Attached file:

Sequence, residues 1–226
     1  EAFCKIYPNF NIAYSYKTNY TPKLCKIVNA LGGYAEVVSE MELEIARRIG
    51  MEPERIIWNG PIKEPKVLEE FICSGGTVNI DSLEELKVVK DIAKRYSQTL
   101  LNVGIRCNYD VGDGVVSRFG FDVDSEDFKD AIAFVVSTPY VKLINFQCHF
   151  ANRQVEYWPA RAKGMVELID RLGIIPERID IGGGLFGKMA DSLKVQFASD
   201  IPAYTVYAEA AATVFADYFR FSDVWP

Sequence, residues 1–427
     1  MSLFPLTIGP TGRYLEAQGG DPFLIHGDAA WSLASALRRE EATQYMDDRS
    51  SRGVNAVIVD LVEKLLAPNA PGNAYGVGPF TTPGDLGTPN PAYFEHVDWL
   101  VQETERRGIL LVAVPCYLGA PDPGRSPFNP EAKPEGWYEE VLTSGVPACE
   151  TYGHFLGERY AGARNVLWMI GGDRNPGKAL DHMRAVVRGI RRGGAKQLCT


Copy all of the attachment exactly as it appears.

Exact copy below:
Sequence, residues 1–226
     1  EAFCKIYPNF NIAYSYKTNY TPKLCKIVNA LGGYAEVVSE MELEIARRIG
    51  MEPERIIWNG PIKEPKVLEE FICSGGTVNI DSLEELKVVK DIAKRYSQTL
   101  LNVGIRCNYD VGDGVVSRFG FDVDSEDFKD AIAFVVSTPY VKLINFQCHF
   151  ANRQVEYWPA RAKGMVELID RLGIIPERID IGGGLFGKMA DSLKVQFASD
   201  IPAYTVYAEA AATVFADYFR FSDVWP

Sequence, residues 1–427
     1  MSLFPLTIGP TGRYLEAQGG DPFLIHGDAA WSLASALRRE EATQYMDDRS
    51  SRGVNAVIVD LVEKLLAPNA PGNAYGVGPF TTPGDLGTPN PAYFEHVDWL
   101  VQETERRGIL LVAVPCYLGA PDPGRSPFNP EAKPEGWYEE VLTSGVPACE
   151  TYGHFLGERY AGARNVLWMI GGDRNPGKAL DHMRAVVRGI RRGGAKQLCT